There is a club in Phnom Penh called the Heart of Darkness where I spent a couple of memorable evenings back in August. I drank Guinness and Tequila Slammers. The environment was a confused medley of Cambodian elites and their gun toting body guards (the doormen were very selective when searching customer for weapons), local foreign residents, higher class working girls (since the working girls apparently had to pay a fee to get in), and bemused looking tourists. It was lots of fun, but not really a sit-back-and-savor-your-drink type of environment. I have no idea if Heart of Darkness served Martinique rum. I discovered the dry and complex tasting Martinique rums at some other bars in Cambodia, most notably Riverside in Battambang, which gives huge pours of the excellent St. James Ambre for just US$1.
I met an interesting girl in the Heart of Darkness. She was easily the best looking girl in the place and for some reason ended up hanging around me for most of the evening. She spent most of the evening gyrating around me in a manner that I am sure would have made the Bunnyhug, however lewd it may have been, look very tame indeed. Since I don’t dance I settled for sipping my Guinness with rhythm. I think it worked better than it sounds, certainly better than me actually dancing. In any case, she was attracting plenty of attention all by herself. The Tequila Slammers were her idea and she even paid for them, adding to the surreal nature of the situation. A elderly Scandinavian couple looked gratifyingly shocked as she writhed around me and theatrically knocked back tequila. Meanwhile, I kept an eye on the door waiting for an irate boyfriend, pimp or husband to burst in and gun us both down. Learning that each of her numerous pieces of jewelry had come from a different guy, each representing a different country, did nothing to reassure me.
Cambodia is a small country, and while drinking St. James rum at Riverside in Battambang I met an Italian girl who knew the Heart of Darkness girl. My concerns had not been totally unfounded. The Heart of Darkness girl had recently married a French guy living in Vietnam. His friends had all warned him to have nothing to do with her, but she had promised to give up her life as a working girl and he had believed her. He spent a lot of time in Vietnam for business, and whenever he was away she would be out in the bars again picking up customers. It was definitely the same girl. The Italian told me that her long her long fake blonde hair was in fact a wig, and sure enough when I was back in Phnom Penh I saw the Heart of Darkness Girl in another bar without her wig. I was probably lucky that the French guy wasn’t the gun-toting type.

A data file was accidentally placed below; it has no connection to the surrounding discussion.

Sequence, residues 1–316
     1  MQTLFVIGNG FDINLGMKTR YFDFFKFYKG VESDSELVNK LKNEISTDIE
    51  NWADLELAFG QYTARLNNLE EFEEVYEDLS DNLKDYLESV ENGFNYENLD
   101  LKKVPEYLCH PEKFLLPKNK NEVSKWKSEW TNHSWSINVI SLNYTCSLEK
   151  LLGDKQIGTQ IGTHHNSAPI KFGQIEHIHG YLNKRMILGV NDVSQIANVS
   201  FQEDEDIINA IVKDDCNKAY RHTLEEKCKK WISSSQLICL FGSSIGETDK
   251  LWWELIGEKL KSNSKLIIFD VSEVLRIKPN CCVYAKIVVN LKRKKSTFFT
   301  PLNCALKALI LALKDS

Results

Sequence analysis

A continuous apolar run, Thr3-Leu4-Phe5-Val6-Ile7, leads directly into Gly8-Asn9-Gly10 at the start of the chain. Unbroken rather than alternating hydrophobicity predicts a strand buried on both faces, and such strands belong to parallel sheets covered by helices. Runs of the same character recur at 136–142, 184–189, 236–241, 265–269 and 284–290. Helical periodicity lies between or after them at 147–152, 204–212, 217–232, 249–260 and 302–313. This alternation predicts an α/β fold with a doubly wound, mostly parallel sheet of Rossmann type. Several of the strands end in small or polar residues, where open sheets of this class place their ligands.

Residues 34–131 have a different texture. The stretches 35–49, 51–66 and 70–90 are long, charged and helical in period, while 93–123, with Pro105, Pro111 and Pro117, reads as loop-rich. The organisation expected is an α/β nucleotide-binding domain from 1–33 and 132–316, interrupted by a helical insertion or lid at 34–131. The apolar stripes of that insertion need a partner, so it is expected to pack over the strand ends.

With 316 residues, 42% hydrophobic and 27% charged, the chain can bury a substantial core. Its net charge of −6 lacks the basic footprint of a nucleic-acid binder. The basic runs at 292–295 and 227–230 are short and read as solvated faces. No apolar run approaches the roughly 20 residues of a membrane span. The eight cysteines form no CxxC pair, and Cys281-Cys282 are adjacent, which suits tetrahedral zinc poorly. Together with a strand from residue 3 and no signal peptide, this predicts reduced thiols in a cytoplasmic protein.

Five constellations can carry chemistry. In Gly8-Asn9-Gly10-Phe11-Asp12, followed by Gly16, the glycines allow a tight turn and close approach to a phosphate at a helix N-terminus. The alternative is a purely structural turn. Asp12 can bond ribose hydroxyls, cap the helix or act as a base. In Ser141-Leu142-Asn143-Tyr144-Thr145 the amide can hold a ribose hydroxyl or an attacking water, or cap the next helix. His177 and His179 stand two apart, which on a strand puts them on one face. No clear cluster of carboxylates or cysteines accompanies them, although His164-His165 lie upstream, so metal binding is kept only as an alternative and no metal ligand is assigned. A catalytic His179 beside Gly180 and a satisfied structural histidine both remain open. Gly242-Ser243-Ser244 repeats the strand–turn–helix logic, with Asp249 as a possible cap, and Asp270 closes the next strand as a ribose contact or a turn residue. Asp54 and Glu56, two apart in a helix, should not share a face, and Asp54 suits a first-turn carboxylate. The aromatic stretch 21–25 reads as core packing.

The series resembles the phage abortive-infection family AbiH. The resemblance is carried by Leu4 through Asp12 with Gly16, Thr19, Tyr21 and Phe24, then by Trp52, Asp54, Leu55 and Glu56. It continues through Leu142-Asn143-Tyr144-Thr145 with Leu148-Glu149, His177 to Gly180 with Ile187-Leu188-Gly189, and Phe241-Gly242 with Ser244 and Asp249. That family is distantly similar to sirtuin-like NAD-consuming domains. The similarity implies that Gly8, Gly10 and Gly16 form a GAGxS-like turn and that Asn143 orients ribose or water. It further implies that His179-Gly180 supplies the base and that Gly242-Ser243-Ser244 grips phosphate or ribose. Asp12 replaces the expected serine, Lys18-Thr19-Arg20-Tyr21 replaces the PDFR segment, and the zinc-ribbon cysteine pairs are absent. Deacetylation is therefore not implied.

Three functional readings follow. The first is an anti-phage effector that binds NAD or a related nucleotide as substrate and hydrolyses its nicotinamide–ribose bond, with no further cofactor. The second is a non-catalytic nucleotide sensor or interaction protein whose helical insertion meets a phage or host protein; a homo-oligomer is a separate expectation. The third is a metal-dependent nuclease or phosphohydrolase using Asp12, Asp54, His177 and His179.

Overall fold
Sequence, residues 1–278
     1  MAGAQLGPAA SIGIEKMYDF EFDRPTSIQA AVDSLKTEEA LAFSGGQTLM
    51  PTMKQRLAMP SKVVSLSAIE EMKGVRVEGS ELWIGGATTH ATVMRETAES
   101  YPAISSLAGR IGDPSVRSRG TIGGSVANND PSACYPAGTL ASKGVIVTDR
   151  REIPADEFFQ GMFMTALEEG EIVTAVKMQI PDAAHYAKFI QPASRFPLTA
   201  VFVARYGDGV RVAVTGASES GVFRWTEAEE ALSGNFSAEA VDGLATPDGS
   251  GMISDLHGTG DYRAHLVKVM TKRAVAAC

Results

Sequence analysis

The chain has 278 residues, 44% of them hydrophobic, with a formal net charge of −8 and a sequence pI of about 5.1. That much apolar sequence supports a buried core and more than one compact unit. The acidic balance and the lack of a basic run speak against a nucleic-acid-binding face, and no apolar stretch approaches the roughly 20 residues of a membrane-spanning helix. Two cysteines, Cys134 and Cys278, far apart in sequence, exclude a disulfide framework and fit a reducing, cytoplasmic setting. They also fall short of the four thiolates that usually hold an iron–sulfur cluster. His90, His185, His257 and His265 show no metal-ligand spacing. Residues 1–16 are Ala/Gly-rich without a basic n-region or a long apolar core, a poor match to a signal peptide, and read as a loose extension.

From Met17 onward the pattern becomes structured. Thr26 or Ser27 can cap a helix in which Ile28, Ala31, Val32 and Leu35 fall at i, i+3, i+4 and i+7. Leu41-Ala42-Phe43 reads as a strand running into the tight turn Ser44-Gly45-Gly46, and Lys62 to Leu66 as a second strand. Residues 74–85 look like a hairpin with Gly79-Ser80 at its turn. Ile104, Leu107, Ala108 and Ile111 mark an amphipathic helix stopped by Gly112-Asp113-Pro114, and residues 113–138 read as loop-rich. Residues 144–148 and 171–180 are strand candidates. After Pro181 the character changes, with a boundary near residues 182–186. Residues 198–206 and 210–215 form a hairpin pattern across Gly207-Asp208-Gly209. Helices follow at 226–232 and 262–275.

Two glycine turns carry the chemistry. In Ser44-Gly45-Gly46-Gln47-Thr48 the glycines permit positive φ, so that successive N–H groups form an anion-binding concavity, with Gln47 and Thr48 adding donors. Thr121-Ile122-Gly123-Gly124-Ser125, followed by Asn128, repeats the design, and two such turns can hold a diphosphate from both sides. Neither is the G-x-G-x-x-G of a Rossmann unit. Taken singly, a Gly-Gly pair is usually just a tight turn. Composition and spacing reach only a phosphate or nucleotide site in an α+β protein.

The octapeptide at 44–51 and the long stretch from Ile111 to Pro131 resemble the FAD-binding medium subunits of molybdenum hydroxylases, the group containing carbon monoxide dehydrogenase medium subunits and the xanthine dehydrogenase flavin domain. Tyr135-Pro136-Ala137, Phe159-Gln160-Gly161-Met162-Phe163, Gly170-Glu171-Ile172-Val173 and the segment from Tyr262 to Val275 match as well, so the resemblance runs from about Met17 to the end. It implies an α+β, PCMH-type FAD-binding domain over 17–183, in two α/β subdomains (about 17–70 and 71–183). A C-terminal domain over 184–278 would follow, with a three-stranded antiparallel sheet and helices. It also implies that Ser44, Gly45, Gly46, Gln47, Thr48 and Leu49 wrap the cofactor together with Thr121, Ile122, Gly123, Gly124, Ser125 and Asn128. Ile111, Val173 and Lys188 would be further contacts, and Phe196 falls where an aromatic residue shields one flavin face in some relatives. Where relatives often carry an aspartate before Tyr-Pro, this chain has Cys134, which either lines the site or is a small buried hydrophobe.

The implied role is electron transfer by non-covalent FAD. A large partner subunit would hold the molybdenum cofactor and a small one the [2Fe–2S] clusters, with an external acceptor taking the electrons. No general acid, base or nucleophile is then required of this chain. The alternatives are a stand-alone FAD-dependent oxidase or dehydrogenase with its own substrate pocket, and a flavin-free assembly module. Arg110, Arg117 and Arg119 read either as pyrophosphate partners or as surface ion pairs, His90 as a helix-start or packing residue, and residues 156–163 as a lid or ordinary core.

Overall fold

While in Cambodia I decided that the Heart of Darkness would make an excellent name for a cocktail, and that the drink should include St. James Ambre rum. Planning the drink in my mind I decided it should include St. James Ambre and Marie Brizzard Crème de Vanille (something else I picked up on my holiday there). In reality though I found the taste of the Crème de Vanille was not strong enough to come through in a drink using a strong tasting rum. The Marie Brizzard Crème de Vanille is more a vanilla perfumed syrup than a strong vanilla liqueur. I also found Martinique rum quite hard to mix with because of its strong taste. I considered another couple of other possibilities but basically forgot about the idea for a while.
Recently however, I picked up a bottle of Poire William and started thinking about what I could do with it. I decided to try and make something rich, spicy, and a little exotic. Poire William has a very strong taste and I decided it would pair well with a strong, dry rum like St. James. I used Dolfi crème de cacao to add some sweetness. For further complexity and to bring everything together I tried Italian vermouth and then Dubonnet. The slightly bitter Dubonnet works very well.
The Heart of Darkness
2 parts St. James Ambre
1 part Dolfi Poire William
1 part Dolfi dark crème de cacao
1 part Dubonnet
2 dashes Angostura bitters
Stir over ice and strain into a cocktail glass.
The result is dry, fruity and spicy. It tastes a little like a fruit cake made with rum. My original recipe had equal parts of the four main ingredients which makes for a fruitier drink, but I think a drier version with more rum is better. I may play around with the recipe some more, but this seems good enough for now.
I tried it out on a couple of friends. The first friend liked it and the second friend suggested cutting back the bitters. Obviously I no longer speak to the second friend. Still, if you were to change the recipe you could try reducing the bitters for starters.